The rapture is not Biblical. I know that some would say that saying that is like the Pope saying he’s gonna give Buddhism a go, but it’s true. The Bible never really alludes to the complete destruction of our world. I mean, I know it will be destroyed one day, whether by nuclear war or a super mega deathy virus or a shit huge space rock or even that galaxy that’s hurtling toward us at a bazillion miles a second. Oh… oh, did you not know the Andromeda galaxy is on a collision course with – you know, it doesn’t matter. Everything’s gonna be just swell, darlings! I’M NOT PANICKING AT ALL! And no, before you ask, I am not building a giant homemade rocket for any ‘rapturous’ reasons, it’s just a hobby of mine, okay! I said good day!
We have those old Thessalonians to blame for why some denominations of Christianity believe in the rapture. 1 Thessalonians, chapter four, verses 15 to 17: ‘According to the Lord’s word, we tell you that we who are still alive, who are left until the coming of the Lord, will certainly not precede those who have fallen asleep. For the Lord Himself will come down from heaven… and the dead in Christ will rise first. After that, we who are still alive and are left will be caught up together with them in the clouds to meet the Lord in the air. And so we will be with the Lord forever.’ Now, and I’m not being pedantic, but that doesn’t really scream ‘rapture’ to me. It doesn’t sound too bad, actually. Yet this is the entire reason the idea of the ‘Biblical rapture’ is around. Just these few lines that, actually, never directly refer to any kind of rapture.
What this is saying, basically, is that our Lord will return to purge, heal and establish the eternal kingdom of God on this Earth, with heaven and Earth uniting like the wedding a man and another man, for all of eternity. That’s it, really. The Bible goes on to say, in Revelation 21.4, ‘He will wipe every tear from their eyes. There will be no more death or mourning or crying or pain, for the old order of things has passed away.’ So really, when we talk about the rapture, we’re actually just talking about the natural end of the world. And obviously I’m not saying this with my Roman Catholic hat on, as I am one, but merely from an unbiased historical point of view. If you don’t believe it, well, let’s just say we all believe in different things. It’s what makes the world shine.
Since we’re talking about the end of the world and since Trump is now in charge, let’s talk about nuclear annihilation. Because it’s almost certainly gonna happen under his presidency. If your world ends when the bomb goes off, you won’t really have much of a rapture. You’ll be in your kitchen. Perhaps making an omelette. It’ll be a day like all others. You’ll see a bright flash of light, you might have enough time to say, “Goodbye,” or, “I’ll never forgive you for not paying me back that money!” but you’ll be dead pretty quickly. What would I do on this particular rapture? I’d probably just stare at the mushroom cloud and say, “Oh, bugger, I spent ages prepping the shed for a repaint…”
Similarly, if a huge virus wiped us out, we’d be struck down rather quickly and spend our remaining time in absolutely agony. And, whilst I think on, a meteor strike, like the nuclear bombs, would be a rather quick death. One with the force of 30 nuclear bombs will definitely hit in the next 50 years and we’ll never be able to stop it, even with the most advanced technology imaginable. Really, so far, rapture doesn’t sound particularly ‘Hollywood.’ There are no big swooping speeches and grand gestures; it’s just… well, alive one second, dead the next. Doesn’t sound all that great, really.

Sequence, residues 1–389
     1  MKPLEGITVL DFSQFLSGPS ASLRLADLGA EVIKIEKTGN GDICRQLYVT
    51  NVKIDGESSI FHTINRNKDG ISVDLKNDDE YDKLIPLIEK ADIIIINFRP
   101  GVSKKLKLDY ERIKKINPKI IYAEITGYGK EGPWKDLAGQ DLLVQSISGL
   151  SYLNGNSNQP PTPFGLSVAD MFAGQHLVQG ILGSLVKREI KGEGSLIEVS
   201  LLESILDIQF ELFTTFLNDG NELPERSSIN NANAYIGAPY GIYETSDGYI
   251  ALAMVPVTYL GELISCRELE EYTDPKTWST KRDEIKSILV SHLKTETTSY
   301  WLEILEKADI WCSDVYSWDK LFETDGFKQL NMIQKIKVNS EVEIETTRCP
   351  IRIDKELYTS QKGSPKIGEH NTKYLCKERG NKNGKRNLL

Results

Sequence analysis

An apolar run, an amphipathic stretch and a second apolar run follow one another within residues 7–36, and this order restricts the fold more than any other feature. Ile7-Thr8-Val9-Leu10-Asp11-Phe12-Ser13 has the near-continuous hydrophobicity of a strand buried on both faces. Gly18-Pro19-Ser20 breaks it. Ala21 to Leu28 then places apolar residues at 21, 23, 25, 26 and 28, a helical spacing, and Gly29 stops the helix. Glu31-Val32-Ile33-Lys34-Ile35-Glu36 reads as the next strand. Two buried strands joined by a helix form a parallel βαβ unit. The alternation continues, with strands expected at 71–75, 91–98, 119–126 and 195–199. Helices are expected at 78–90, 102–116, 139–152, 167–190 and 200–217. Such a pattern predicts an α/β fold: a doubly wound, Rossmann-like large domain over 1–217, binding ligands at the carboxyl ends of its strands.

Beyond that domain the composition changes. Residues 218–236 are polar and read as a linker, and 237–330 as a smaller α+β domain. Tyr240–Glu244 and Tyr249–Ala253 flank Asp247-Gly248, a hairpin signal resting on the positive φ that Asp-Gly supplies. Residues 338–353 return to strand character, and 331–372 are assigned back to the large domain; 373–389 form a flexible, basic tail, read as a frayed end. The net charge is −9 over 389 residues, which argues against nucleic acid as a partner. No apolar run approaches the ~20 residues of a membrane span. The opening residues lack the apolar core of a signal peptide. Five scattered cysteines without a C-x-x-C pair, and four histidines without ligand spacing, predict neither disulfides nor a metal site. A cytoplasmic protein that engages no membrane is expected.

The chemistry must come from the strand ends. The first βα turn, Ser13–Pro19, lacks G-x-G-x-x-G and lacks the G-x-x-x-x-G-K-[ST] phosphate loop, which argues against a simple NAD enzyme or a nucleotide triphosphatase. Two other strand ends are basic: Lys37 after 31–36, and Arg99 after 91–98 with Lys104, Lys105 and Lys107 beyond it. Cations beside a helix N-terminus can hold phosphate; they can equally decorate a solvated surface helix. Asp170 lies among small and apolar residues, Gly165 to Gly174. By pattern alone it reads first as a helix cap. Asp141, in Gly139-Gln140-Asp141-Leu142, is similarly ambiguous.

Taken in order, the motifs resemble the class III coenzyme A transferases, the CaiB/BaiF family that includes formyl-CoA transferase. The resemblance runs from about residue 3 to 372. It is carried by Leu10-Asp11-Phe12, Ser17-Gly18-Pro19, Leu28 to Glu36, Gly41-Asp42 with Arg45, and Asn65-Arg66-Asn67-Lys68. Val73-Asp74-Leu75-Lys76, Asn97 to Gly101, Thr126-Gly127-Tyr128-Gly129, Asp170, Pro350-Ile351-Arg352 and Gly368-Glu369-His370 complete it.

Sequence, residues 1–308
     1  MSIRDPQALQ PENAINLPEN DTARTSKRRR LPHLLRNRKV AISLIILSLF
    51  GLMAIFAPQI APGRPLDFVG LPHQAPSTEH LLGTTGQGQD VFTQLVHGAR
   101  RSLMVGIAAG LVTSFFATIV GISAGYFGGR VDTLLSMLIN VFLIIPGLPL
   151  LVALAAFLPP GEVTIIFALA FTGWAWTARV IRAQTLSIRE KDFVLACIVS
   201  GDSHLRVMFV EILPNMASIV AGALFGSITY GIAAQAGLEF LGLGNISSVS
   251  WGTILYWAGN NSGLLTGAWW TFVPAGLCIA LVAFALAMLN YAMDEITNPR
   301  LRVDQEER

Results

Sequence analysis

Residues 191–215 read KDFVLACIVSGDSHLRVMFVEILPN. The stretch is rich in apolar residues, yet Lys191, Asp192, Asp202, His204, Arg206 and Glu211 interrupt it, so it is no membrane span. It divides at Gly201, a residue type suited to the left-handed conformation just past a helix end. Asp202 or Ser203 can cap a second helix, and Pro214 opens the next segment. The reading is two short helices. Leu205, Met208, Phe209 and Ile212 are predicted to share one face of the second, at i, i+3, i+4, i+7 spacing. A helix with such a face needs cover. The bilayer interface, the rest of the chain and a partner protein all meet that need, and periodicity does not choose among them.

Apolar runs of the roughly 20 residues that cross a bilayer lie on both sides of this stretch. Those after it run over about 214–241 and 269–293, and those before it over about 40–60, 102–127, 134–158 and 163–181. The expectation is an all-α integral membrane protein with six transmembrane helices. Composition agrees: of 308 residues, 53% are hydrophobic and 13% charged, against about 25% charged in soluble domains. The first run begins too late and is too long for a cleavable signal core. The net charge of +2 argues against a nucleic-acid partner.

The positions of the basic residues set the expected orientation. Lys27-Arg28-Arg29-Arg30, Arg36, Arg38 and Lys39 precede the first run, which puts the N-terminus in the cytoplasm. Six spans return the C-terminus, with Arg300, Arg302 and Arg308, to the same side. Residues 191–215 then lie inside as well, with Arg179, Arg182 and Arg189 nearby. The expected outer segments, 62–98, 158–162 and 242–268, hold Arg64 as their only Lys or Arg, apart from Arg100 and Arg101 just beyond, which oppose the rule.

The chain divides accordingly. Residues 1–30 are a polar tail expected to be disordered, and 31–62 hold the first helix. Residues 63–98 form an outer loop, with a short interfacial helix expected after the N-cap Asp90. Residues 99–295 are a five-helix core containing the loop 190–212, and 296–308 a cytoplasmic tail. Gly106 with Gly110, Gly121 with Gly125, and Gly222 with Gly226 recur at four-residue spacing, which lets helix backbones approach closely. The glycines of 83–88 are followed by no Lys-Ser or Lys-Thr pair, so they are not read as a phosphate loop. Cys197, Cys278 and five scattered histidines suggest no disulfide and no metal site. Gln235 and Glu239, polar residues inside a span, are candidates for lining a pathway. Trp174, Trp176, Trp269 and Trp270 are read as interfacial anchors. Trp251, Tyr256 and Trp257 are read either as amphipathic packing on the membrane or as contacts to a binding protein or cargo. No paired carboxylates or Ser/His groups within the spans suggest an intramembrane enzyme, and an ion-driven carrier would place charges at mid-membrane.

Of course, there are plenty more ‘rapture events’ in this little bag of doom. What about ‘Milkdromeda?’ I don’t know what they’re gonna call the new galaxy that’s formed after the Milky Way and Andromeda collide, but don’t worry about it. The human race will be long gone by then. The only scenario I can think of where we’ll actually have time to say goodbye and do all the fun things we want to do, is the death of the Sun. One day, our star will die. It’ll expand all the way to Mars, meaning Earth is pretty buggered. The Sun will get brighter and brighter, the Earth will get hotter and hotter. Our oceans will start to evaporate. It won’t be a pleasant end, but at least we’d have the time to do all we’d want to do. And in this particular rapture scenario, well, I’ll have got done all I want so I’ll just put up a deck chair outside, shades on with cocktail with a little umbrella in one hand, and I’ll enjoy what time I have left. What more could you do, really? It’s the best rapture we can hope for. Not gonna happen, though…
Scientists are 100% confident the human race will be gone by then. The most likely cause of our demise is a global pandemic, a virus or something similar, meaning the most likely rapture is a slow and painful death suffering in utter agony and misery. The second most likely cause of our demise is an asteroid impact, a quick death but not one that allows much time for fun stuff beforehand. And we don’t even know what artificial intelligence might do to us, rise up and conquer, perhaps, and we really don’t know what will happen if aliens land and start probing the hell out of us.
What would I do on the ‘rapture’? It depends on the rapture, really. But if you’re going out, go out with a bang, I say…
What would you do on the rapture, readers?
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